Secondly, decide what type of character you want to play, based on the DM's campaign world. If it is set in an urban human city, it is a little pointless playing a deep-gnome or a goblin, much less a barbarian/ranger type. After receiving a world description from the DM, think of the character races that would fit into the campaign world. They do not have to be completely compatible, but they should neither be banal or outrageous.
In the example above, the type of races that could be native to the city are Semphari locals, possibly Dwarves, a Shou descendant, or the good ol' fashioned wanderer (although this is a little overdone). Ones that would be unsuitable are Tuigan nomads (do not live in cities, and would probably be tried as spies or thieves if they did), westerners (how did they get there?), elves, goblinoids (except half-orcs), or other races amongst Semphar's enemies. Whilst this should never preclude races that are out of the ordinary, you have to make the character concept believable.
As an example, I will make up a character using the Semphar setting as I go. Looking at the information provided by the DM, I decide to play a human, as they are most common in the area.
After deciding on a race, think of what sort of pre-adventuring experiences the character may have had. In this step, social class is very important, as it will have a significant effect on the choice of character class. Back in the days of Unearthed Arcana, there were a plethora of tables to determine social class, which can be used for this step. (As a caveat for DMs, read the Dungeon Master's Guide concerning the problems with noble or abnormally wealthy characters). Each social class, which can be roughly defined as low, middle, and upper, has it's own sub-structure. Upper class for example, would cover everything from very wealthy merchants to minor nobility to kings. The DM is advised to have these classes (roughly) mapped out for his campaign as a tool for both character creation and for general gaming.
In Semphar, there are several distinct classes; the Nobility, the Bureaucracy and Clergy, the Mercantile and Artisan class, the Warrior class, and the low caste or untouchables. Each has it's own sub-structure which defines a social standing to all members. The Warrior caste for example, has several ranks, each within the city guards, the navy, the standing army. These are split into three main groups; the officers, the career soldiery, and the conscripts. Being a Lawful Neutral society, these social castes are strongly adhered to, and it is difficult to move up a class, but easy to go down.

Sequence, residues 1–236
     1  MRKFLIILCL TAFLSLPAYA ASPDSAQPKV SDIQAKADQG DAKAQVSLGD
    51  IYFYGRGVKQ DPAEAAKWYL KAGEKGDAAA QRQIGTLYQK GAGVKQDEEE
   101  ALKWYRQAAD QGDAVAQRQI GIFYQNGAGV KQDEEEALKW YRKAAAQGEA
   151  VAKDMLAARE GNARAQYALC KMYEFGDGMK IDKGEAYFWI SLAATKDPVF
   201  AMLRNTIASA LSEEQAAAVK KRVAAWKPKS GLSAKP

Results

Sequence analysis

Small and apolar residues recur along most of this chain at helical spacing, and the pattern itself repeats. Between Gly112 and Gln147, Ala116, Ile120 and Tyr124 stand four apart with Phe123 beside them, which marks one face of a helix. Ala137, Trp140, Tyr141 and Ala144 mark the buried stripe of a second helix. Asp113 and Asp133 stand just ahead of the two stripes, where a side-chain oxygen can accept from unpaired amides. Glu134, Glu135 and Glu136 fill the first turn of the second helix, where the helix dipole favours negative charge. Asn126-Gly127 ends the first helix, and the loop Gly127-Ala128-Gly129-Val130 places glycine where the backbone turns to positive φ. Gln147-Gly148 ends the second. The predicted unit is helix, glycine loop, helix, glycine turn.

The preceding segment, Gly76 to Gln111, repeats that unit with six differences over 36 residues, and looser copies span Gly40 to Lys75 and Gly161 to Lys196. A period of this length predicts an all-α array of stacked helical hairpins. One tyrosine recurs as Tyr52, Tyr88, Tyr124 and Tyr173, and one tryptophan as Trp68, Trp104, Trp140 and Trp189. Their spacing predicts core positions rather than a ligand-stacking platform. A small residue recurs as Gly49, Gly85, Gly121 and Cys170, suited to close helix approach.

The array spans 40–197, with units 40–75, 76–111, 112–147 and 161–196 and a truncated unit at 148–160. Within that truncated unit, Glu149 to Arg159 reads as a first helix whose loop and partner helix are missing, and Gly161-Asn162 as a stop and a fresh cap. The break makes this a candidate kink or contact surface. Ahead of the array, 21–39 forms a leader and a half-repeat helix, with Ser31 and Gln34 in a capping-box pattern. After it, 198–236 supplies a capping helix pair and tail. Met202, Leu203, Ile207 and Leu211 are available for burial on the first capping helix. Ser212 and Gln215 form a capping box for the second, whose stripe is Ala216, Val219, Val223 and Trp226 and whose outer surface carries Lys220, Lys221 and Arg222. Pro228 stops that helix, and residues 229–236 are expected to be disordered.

In regards character creation, players should choose a social class which is compatible to the race that they have chosen. For example, Dwarves in Semphar are usually Artisans or Merchants, so a Dwarven character should belong to one of these castes. Humans, on the other hand, could be anything from a noble to an untouchable. The human character I had earlier chosen will be from the warrior caste, because I would like to play a fighter.
Next step is to decide what sort of upbringing the character has had, and social class will be the chief determinant of this. A character from the nobility will have learned different skills and have a different view of life than a character from a rural background or a character from the urban slums. As an example, it would be uncommon for a character from an impoverished background to be a magic user, because their would be a question as to where the money to fund such an education came from. Similarly, a character from a noble or wealthy background would not be likely to become a thief (although this is not impossible). Social class should also provide ideas as to motivation. Why would a wealthy character suddenly decide to abandon the comfort of his existence and go adventuring? Why would a farmer leave the land that has been in his family for countless generations to go and rob caravans? These are questions that need to be answered in this step.